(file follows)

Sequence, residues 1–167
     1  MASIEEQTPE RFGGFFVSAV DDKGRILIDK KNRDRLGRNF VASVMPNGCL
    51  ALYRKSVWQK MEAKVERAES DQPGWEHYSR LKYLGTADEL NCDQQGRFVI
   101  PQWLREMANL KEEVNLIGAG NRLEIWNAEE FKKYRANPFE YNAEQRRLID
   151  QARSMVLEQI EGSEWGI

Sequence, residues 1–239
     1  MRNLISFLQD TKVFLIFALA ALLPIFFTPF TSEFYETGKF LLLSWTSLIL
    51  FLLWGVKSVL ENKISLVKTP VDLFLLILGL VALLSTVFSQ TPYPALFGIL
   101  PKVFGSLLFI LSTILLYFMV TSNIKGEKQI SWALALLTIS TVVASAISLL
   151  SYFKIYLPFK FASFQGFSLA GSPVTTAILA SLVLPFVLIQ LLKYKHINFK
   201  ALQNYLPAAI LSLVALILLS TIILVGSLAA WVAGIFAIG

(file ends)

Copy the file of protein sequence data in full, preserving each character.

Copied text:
Sequence, residues 1–167
     1  MASIEEQTPE RFGGFFVSAV DDKGRILIDK KNRDRLGRNF VASVMPNGCL
    51  ALYRKSVWQK MEAKVERAES DQPGWEHYSR LKYLGTADEL NCDQQGRFVI
   101  PQWLREMANL KEEVNLIGAG NRLEIWNAEE FKKYRANPFE YNAEQRRLID
   151  QARSMVLEQI EGSEWGI

Sequence, residues 1–239
     1  MRNLISFLQD TKVFLIFALA ALLPIFFTPF TSEFYETGKF LLLSWTSLIL
    51  FLLWGVKSVL ENKISLVKTP VDLFLLILGL VALLSTVFSQ TPYPALFGIL
   101  PKVFGSLLFI LSTILLYFMV TSNIKGEKQI SWALALLTIS TVVASAISLL
   151  SYFKIYLPFK FASFQGFSLA GSPVTTAILA SLVLPFVLIQ LLKYKHINFK
   201  ALQNYLPAAI LSLVALILLS TIILVGSLAA WVAGIFAIG